Last weekend, I had the opportunity to attend Dallas Children’s Theater’s “Teen Scene” Festival and witnessed a kind of work that underscores the very clear and direct relevance theatre can have in the lives of young people. The plays dealt with some tough topics particularly affecting the lives of adolescents. It was moving to witness the engagement of DCT’s multigenerational audience–most notably in post show conversations, which were lead by experts on concerns such as teen dating violence. Congratulations to artistic director Robyn Flatt and her team for a successful convening that assembled both local and national guests. The weekend also included panels and symposia from the Baker Ideas Institute in areas such as, how storytelling and theatre techniques can radically improve learning in school settings. The Institute was named after Paul Baker, the visionary theatre artist and educator who was the founder of Dallas Theater Center (and father of Robyn).
Last week, I made available to you my letter to NEA Chair Rocco Landesman, requesting a meeting to talk about the complexity of the supply/demand conversation that his recent comments sparked in the blogosphere, as well as how we communicate the enormous positive impact of the arts in our society. On Tuesday, Rocco invited me–along with a small group of theatre/arts association leaders–to discuss these issues. The meeting was productive and I want to express my thanks to Rocco for spending time with us to probe more deeply into some of the dynamics at play for performing arts organizations–including the need to dive further into some of the research and to focus attention on the “demand”/participation side of the issue. The NEA has a strong research department, and some of their “research notes” examine in more detail key findings from their studies on participation. For instance, I love this piece, which shows the strong correlation between participation in performing arts events and other forms of civic engagement, such as volunteering and voting. Today, the NEA released three new arts participation reports that are summarized here–dealing with arts education, age and how arts participation goes beyond simply attending a show.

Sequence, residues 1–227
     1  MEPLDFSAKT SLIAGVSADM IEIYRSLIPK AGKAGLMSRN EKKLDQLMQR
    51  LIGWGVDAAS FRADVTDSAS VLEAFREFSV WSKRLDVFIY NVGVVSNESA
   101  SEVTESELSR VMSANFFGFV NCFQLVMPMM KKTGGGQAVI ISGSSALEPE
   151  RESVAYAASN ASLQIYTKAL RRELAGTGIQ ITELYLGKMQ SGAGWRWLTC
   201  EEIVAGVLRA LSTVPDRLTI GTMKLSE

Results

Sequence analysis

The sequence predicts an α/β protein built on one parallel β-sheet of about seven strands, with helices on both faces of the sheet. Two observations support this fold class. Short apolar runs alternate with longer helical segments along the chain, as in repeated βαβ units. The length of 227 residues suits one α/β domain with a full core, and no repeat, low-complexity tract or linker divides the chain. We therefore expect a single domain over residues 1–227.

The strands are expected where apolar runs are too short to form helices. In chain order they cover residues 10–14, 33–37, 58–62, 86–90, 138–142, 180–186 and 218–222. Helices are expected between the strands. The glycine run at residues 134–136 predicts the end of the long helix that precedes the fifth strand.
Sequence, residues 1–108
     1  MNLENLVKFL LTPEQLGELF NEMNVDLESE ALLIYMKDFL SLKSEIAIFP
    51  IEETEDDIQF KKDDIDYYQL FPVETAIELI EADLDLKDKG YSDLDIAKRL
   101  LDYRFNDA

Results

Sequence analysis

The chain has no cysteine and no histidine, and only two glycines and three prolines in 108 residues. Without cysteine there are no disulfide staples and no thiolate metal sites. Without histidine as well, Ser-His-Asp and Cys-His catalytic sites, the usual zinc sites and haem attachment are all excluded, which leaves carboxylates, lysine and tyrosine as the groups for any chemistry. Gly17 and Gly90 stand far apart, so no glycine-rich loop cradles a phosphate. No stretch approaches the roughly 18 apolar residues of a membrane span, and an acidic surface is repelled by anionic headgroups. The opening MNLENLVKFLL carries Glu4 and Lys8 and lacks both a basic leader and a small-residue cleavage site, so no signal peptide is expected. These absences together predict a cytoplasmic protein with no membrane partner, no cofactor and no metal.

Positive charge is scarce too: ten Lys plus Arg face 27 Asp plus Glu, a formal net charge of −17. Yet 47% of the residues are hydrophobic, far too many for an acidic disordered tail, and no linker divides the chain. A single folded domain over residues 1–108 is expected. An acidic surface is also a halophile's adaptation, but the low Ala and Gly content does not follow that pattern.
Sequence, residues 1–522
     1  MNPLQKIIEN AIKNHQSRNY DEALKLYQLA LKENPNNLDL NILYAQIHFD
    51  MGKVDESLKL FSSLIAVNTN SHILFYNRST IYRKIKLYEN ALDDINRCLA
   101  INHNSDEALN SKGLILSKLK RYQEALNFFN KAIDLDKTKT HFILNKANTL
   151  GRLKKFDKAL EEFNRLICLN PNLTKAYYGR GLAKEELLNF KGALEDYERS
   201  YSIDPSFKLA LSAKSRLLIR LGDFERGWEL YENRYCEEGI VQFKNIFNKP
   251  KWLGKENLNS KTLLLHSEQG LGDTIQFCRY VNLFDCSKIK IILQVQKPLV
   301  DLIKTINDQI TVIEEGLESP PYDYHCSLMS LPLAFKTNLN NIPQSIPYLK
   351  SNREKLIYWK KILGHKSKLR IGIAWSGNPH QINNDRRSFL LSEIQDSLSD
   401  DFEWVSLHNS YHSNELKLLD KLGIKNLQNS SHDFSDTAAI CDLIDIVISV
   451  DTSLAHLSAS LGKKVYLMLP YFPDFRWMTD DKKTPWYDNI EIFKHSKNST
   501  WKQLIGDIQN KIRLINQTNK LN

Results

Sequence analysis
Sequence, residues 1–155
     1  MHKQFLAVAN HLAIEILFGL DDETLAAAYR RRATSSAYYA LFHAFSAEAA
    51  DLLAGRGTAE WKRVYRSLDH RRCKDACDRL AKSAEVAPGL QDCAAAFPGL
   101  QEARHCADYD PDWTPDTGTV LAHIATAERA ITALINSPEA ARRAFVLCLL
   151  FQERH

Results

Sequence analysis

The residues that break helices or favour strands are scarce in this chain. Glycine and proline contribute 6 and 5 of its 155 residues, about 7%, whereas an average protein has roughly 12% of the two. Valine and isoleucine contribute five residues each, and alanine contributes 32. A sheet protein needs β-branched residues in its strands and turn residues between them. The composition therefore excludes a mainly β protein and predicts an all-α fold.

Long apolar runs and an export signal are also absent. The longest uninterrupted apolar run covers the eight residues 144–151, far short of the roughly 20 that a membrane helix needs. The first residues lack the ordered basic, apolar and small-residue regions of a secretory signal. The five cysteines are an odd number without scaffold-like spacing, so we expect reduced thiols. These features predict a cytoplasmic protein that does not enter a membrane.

I urge you to take time to communicate with your elected officials about the work of your organization. For the results of last week’s deliberations in the House of Representatives, visit the home page of the Performing Arts Alliance. Remember that the next federal advocacy focus is on the U.S. Senate. Also, I encourage everyone to communicate with your local elected representatives about the ways in which your work creates value in the community.
We received a very healthy response to our request for National Conference breakout proposals. If you missed submitting your ideas, you may want to consider submitting a “Whatifesto” proposal. Whatifestos are brief manifestos, designed to reflect on our Conference question “What if…?” – imagine the future of our field and/or specific models within it.